08 Dec Asterix & Obelix: Slap Them All! 2 | Dev Diary | Mr Nutz Studio & Microids
Pierre Adane - Game Director & Lead Programmer
One of our biggest challenges, what we really wanted, was to keep the simplicity of the first, while adding more subtleties, more depth in some of the gameplay mechanics.
The other important area where we wanted to make big changes was the whole narrative dimension. We really wanted to have a very intuitive, arcade-style game, while at the same time, throughout the game, telling a story.
Mickael Pratali - Lead Game Designer & Lead Level Designer
In other words, in each level, we really wanted to create events and have the characters follow the story, for there to be more than just a line of dialogue at the end of a mission. As players progress through the levels, there’s lots going on: Romans arriving; conversations between characters; things happening here and there.
Pierre Adane: The story isn’t a continuation of the first. The storylines in the first and second games stand on their own.
Mickael Pratali: We immediately decided on a beat ’em up because we felt it was the best fit for the franchise: in Asterix & Obelix, there are obviously all the fights with hordes of Romans; it gets really frantic, so the clear choice was an old-school beat ’em up.
Pierre Adane: We worked hard to make it like an outlet, to have really exciting gameplay where players can let off steam. There are also many improvements in terms of the gameplay.
Mickael Pratali: There are now heavy blows that can be “charged up”. Players can switch to Fury mode, launch an Ultimate attack and pick up barrels dotted around the levels to throw them at enemies or hit them.
It was very important for us to remain as faithful as possible to the comics.
Pierre Adane: There’s a two-player local co-op feature in the game with Asterix and Obelix. It was very important for us to remain as faithful as possible to the comics. So, in the early stages, we looked at how we could correctly transpose the comic book art, the paper medium, etc., onto the screen. A lot of work was done by our artistic director, Philippe Dessoly, who focused on the visual styles we would have.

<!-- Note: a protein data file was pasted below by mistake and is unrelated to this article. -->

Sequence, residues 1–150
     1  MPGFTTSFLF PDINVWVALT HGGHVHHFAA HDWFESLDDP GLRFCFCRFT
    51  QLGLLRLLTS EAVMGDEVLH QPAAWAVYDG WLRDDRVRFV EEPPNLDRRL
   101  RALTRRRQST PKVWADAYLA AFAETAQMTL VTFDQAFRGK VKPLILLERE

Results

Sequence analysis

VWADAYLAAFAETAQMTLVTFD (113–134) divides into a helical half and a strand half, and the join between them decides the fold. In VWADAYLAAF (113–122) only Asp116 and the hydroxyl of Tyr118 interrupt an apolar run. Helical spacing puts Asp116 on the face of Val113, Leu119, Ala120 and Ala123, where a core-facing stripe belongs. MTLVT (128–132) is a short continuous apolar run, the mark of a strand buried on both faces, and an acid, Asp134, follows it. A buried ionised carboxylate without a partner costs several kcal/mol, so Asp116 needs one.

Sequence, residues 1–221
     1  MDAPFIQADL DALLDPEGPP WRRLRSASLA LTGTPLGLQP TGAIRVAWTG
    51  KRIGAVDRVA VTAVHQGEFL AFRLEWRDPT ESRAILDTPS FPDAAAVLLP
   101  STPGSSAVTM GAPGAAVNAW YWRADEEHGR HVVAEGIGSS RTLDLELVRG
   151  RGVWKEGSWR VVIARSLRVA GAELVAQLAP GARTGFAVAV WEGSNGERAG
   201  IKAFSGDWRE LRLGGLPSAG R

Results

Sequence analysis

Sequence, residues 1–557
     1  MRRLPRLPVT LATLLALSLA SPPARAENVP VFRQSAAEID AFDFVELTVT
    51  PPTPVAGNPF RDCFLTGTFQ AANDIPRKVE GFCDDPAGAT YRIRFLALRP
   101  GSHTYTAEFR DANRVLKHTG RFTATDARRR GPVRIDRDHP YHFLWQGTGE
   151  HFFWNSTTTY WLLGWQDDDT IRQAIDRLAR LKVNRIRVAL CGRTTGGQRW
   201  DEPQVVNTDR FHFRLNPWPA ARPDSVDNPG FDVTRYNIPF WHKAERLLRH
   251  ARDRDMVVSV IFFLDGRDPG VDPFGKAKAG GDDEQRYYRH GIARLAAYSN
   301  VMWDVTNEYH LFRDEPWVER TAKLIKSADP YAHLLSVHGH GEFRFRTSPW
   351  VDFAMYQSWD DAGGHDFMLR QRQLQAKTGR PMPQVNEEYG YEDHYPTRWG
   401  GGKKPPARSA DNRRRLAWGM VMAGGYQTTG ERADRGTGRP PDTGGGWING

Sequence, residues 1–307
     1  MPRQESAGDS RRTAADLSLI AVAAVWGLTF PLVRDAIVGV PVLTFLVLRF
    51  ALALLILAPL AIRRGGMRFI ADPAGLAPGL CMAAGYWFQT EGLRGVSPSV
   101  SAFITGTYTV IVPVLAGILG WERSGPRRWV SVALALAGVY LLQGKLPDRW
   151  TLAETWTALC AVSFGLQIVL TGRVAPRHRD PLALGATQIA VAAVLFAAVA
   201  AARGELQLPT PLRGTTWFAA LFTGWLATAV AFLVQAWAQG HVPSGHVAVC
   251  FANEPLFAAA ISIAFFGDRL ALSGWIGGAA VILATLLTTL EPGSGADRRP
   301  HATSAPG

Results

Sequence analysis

Mickael Pratali: We collaborated closely with the publisher, Éditions Albert René, to get as close as possible to this style.
Pierre Adane: It’s interesting to note that the techniques used are those used in animation. We had many discussions with the rights holders of Asterix and Obelix. Each detail was important to us and this allowed us to be extremely faithful to the comic book; it was an extremely rewarding experience. We have a really beautiful game, which adds value to the franchise. I think that all fans of Asterix and Obelix will feel a connection with the game.
Mickael Pratali: We were able to work directly with the voice actors from the Asterix and Obelix animated movies, who make the game come to life. It really feels like watching a cartoon. Fans will be delighted to hear the voices they are familiar with from the movies. This is a passion project for me because I’m a huge fan of arcade games, especially beat’em ups! When fans think of the franchise, they often think of the beat’em ups by Konami that people used to play in video game arcades back in the day. The prospect of taking this style and making something more modern with it was really exciting.
Pierre Adane: We had loads of fun developing it!